What is the reaction to gluten allergy

Should I store my gluten-free items on the bottom or top shelf of my pantry and refrigerator?

The short answer: Store your gluten-free items on the top shelf in a dedicated area.

An explanation: We recommend that you hold gluten-free items on the top shelf of your pantry, refrigerator and freezer to prevent crumbs of gluten-containing items from falling into gluten-free foods. Make certain to also own a dedicated gluten-free shelf of foods, as it can be simple to mistakenly grab the gluten-containing bread crumbs because they were correct next to the gluten-free ones.

Label your gluten-free foods with colored tape or stickers to ensure that the whole family can recognize their status confidently.

What are hidden sources of gluten?

Gluten can hide in lots of places, even in your home. Some people opt to maintain an entirely gluten-free household, but for numerous, that’s not possible, especially because cabinet space and budget concerns can frolic into the decision.


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Infographic: Boiling Spots at Home

Do I need to worry about airborne flour?

The short answer: Yes.

An Explanation: Most people will be surprised to know that flour can stay airborne for 12-24 hours depending on ventilation and quantity of flour.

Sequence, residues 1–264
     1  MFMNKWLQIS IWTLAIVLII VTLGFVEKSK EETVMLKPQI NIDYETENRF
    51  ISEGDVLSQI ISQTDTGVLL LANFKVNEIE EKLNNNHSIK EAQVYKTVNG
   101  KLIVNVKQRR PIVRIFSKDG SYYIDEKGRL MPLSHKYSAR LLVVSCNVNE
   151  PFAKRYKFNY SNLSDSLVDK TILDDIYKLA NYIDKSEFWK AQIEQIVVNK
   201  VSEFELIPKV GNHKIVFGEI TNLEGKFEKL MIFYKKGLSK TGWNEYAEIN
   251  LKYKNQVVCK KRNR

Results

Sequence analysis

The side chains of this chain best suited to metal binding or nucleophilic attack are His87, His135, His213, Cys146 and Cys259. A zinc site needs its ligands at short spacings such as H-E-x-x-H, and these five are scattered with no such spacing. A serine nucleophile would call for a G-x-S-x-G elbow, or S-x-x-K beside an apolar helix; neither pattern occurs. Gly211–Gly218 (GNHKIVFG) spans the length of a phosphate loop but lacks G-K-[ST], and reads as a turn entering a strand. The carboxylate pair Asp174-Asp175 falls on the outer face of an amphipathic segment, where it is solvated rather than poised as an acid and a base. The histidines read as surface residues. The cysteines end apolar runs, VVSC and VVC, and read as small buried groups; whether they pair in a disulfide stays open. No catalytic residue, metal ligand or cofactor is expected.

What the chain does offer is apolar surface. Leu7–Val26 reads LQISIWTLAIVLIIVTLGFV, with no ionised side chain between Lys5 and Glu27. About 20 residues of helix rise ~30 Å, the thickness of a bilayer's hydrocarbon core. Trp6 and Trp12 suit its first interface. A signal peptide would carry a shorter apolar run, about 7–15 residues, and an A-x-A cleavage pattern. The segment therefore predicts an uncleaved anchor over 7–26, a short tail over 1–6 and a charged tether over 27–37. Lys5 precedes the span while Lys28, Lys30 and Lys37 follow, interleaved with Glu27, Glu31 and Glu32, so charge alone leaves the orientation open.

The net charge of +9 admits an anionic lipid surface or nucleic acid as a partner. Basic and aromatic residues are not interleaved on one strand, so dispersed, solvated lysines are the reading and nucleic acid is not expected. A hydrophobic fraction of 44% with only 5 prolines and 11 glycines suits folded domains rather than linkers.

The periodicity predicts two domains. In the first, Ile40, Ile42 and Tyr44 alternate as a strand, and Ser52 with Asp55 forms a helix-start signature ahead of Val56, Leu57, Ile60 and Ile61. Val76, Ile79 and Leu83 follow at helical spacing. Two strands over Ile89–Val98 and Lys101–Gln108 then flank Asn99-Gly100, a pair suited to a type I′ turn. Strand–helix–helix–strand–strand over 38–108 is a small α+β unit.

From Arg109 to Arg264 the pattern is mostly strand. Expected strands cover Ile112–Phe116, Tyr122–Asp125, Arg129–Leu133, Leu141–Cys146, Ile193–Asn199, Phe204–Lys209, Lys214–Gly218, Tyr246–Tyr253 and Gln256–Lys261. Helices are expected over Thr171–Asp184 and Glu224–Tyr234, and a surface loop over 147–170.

If there is a risk of any flour or particles of gluten in the air, it is safest to avoid those areas for the next 24 hours. While simply touching gluten will not harm an individual with celiac disease, there can be a risk of ingesting airborne gluten, which is generally caused by flour. It is also significant to remember not to prepare gluten-free foods in spaces where there is a risk of airborne gluten, as particles will settle on the food, making it unsafe for those with celiac disease to eat. Some of the most common places where this type of cross-contact can happen include pizzerias and bakeries.

What is cross-contact?

Cross-contact is when a gluten-free food or food product is exposed to a gluten-containing ingredient or food – making it unsafe for people with celiac disease to eat.